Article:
CHICAGO - Atlas Material Testing Technology is introducing the latest technology for ultra-accelerated exposure testing. This new outdoor testing device can provide approximately 63 years of South Florida UV radiation exposure in a single year. Atlas developed this new solar concentrator technology in partnership with the National Renewable Energy Laboratory (NREL) and the Russian Institute of Laser Optical Technology (ILOT) under a U.S. Department of Energy (DOE) program.
Similar in concept to Atlas' moderately accelerated EMMA® technology, the ultra-accelerated device tracks the sun while concentrating reflected sunlight on test specimens mounted in a target area. However, the new patented mirror system used in the ultra-accelerated concentrator has very high reflectance in the UV and near visible wave length ranges, while attenuating reflectance in the longer wavelength visible and IR portions of the solar spectrum. This technology allows for very high concentrations of UV energy without excessive heating of test samples.
Building high irradiance solar concentrators or laboratory solar simulators for durability testing appears straightforward. However, such devices at ultra-high irradiances typically cause overheating of test samples, resulting in unnatural material changes compared to the changes in the end-use environment. Atlas' new technology, on the other hand, simultaneously achieves three requirements critical for ultra-accelerated exposure testing: exposes many different types of materials to ultra-high UV irradiances, maintains high fidelity to the natural solar UV spectrum and maintains specimens at acceptable exposure temperatures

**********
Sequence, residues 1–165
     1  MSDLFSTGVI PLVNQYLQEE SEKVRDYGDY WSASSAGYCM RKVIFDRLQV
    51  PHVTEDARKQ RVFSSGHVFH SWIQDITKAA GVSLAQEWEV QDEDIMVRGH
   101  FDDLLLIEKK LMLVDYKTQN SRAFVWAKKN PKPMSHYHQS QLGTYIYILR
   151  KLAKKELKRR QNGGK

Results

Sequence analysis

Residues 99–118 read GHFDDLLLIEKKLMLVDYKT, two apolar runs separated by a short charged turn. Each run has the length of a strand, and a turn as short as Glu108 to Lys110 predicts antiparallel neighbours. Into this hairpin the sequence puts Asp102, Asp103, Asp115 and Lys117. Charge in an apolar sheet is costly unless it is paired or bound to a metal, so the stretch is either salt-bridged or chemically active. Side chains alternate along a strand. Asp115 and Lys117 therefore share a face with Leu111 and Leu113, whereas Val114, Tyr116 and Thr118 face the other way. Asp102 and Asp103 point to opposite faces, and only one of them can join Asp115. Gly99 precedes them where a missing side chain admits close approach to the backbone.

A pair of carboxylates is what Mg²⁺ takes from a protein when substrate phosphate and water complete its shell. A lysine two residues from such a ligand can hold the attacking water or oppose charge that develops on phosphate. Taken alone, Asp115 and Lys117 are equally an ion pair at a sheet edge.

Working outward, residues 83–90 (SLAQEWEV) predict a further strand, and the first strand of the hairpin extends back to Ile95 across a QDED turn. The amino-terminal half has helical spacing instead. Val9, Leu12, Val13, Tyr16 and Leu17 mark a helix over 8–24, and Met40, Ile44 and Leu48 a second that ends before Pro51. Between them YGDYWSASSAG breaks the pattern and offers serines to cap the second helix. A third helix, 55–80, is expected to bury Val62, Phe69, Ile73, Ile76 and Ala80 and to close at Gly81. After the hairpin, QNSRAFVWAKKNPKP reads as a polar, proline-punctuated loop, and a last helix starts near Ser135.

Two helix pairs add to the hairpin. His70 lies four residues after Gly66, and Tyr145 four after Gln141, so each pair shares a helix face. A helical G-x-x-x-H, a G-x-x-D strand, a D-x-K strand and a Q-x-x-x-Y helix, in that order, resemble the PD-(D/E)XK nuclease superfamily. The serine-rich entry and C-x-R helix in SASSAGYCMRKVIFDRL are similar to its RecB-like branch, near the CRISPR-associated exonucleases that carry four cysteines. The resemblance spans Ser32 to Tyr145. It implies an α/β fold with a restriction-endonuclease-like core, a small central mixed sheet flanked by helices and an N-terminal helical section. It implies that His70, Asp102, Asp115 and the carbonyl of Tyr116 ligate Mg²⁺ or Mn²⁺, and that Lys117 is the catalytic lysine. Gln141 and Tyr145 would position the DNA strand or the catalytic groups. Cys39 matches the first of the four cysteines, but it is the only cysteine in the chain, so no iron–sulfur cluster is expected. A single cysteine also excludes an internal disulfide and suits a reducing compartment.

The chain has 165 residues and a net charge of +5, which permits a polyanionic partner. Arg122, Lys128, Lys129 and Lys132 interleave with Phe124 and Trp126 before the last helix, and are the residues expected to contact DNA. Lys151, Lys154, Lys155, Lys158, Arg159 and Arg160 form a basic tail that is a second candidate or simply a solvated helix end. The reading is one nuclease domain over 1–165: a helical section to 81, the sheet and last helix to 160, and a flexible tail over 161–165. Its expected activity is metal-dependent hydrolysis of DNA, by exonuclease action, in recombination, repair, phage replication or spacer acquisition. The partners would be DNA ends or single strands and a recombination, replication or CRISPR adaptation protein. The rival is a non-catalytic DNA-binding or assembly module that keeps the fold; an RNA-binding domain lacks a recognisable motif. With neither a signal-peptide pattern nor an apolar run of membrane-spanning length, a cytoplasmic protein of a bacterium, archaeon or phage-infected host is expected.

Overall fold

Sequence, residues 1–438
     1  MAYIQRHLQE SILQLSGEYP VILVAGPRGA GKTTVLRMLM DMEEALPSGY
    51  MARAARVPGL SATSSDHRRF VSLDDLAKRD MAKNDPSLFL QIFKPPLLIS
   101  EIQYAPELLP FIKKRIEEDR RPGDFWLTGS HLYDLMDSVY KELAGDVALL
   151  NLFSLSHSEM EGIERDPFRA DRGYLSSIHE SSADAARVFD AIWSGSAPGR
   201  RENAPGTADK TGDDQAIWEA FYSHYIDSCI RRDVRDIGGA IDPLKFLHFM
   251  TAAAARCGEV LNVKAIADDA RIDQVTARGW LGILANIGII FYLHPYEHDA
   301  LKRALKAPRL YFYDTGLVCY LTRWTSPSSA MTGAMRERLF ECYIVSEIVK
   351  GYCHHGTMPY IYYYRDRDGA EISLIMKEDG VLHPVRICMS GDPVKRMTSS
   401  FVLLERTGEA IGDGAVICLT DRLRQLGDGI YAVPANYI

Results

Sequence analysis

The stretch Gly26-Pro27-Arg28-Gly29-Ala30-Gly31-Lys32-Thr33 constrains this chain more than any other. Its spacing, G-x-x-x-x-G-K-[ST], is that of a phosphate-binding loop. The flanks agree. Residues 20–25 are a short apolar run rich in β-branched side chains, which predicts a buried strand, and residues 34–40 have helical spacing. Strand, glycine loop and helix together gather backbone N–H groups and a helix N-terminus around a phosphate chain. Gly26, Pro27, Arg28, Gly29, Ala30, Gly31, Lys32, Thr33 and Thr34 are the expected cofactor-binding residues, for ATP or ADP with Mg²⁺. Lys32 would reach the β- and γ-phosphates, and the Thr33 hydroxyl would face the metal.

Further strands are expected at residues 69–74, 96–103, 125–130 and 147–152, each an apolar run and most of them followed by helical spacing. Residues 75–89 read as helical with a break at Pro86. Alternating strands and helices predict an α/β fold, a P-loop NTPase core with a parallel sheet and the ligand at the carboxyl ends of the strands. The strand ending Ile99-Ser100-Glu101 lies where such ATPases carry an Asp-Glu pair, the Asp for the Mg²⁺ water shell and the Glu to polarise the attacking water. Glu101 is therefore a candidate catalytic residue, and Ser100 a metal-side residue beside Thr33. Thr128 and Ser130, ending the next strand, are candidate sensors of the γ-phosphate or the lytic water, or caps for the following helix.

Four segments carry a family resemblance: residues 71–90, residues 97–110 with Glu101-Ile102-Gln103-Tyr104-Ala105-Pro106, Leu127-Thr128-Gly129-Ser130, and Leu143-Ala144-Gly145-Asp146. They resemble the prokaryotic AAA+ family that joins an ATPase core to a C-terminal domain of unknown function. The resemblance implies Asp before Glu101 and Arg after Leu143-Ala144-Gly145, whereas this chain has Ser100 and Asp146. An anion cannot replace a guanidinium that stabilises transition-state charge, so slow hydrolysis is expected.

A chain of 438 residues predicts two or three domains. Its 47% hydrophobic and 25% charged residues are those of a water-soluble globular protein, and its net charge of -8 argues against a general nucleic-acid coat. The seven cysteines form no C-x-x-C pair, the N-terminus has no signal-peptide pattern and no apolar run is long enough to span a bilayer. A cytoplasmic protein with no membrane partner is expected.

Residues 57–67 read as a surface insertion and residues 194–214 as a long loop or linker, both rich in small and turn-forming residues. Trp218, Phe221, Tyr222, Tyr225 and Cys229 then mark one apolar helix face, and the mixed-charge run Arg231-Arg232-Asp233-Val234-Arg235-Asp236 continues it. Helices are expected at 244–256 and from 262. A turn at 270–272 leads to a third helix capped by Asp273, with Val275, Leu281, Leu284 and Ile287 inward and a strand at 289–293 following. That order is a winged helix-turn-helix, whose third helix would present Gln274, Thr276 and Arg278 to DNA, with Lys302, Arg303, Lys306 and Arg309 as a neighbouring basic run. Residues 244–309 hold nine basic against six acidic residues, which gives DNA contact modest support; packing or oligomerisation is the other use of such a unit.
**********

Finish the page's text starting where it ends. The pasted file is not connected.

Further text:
Using multiple focusing mirrors arranged on the curve of a 10-meter sphere, the UV energy may be variably concentrated on a target area approximately 10cm X 10cm. Custom mounting and cooling can be added depending upon specific material exposure requirements. Optically the mirror system has a direct normal 100/1 concentration factor.
Materials and products that represent good candidates for testing are: materials that require a long service life, transparent and glazing materials, small solar PV cells or material used in these cells, coatings applied to metal panels, and materials that perform well in EMMA or EMMAQUA® exposure testing.